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C.D. Warner, et al., comp.  The Library of the World’s Best Literature.
An Anthology in Thirty Volumes.  1917.
 
Time Is Fleeting
By Simonides (c. 556–468 B.C.)
 
From a careful study of Simonides by John Sterling (Westminster Review, 1838)

TO one dread gulf all things in common tend:
There loftiest virtues, amplest riches, end.
 
Long are we dying; reckoned up from birth,
Few years, and evil those, are ours on earth.
 
Of men the strength is small, the hopes are vain,        5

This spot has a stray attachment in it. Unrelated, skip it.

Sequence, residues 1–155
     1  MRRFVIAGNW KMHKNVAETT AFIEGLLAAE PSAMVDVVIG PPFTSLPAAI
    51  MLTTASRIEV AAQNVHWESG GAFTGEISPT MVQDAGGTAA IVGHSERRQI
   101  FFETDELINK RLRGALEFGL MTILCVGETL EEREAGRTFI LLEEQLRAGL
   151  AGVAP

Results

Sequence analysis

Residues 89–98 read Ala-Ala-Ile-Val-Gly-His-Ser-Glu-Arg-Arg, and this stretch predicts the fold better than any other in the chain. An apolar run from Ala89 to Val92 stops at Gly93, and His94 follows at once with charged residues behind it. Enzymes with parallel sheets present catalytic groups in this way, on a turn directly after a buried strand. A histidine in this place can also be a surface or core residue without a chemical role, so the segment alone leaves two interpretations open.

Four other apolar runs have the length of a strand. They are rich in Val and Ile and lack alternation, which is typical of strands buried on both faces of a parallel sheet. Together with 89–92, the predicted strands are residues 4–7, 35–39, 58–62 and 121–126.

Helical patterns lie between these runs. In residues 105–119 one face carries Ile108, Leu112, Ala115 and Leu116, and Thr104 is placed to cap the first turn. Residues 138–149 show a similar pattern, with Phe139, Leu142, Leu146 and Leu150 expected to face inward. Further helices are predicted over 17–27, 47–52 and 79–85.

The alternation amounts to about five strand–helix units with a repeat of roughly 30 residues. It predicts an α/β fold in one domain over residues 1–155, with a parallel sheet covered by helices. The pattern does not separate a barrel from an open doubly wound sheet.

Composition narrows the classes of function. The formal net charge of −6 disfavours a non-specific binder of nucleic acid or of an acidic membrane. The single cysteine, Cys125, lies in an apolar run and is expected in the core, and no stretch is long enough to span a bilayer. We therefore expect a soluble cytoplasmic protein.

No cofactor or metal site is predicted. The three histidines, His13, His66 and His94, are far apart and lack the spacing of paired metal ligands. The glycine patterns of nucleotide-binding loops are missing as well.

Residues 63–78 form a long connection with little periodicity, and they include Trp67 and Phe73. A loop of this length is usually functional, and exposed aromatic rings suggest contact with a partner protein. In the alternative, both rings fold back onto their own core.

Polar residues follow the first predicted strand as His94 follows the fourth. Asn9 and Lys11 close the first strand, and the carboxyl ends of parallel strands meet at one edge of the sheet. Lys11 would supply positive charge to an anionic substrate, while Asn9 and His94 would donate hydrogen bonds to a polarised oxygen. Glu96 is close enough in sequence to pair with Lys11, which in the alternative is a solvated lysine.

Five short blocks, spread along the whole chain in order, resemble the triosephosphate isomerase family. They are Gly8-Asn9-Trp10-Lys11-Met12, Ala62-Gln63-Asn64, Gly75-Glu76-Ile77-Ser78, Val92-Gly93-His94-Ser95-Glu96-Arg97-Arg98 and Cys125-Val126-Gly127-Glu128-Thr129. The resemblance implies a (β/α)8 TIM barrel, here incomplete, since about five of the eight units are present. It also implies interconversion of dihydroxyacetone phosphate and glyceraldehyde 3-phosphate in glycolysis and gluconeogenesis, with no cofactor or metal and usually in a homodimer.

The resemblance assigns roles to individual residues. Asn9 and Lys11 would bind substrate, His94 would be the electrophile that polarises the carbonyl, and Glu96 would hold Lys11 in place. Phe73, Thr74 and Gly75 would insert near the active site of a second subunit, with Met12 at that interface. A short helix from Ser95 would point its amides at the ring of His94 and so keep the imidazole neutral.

And pain in life’s brief space is heaped on pain;
And death inevitable hangs in air,
Of which alike the good and evil share.
 
’Mid mortal beings naught for ever stays:
And thus with beauteous love the Chian says,        10
“The race of man departs like forest leaves;”
Though seldom he who hears the truth receives.
 
For hope, not far from each, in every heart—
Of men full-grown, or those unripe—will start:
And still while blooms the lovely flower of youth.        15
The empty mind delights to dream untruth;
Expects nor age nor death, and bold and strong
Thinks not that sickness e’er can work it wrong.
 
Ah fools! deluded thus, untaught to scan
How swiftly pass the life and youth of man:        20
This knowing, thou, while still thou hast the power
Indulge thy soul, and taste the blissful hour.
 
 
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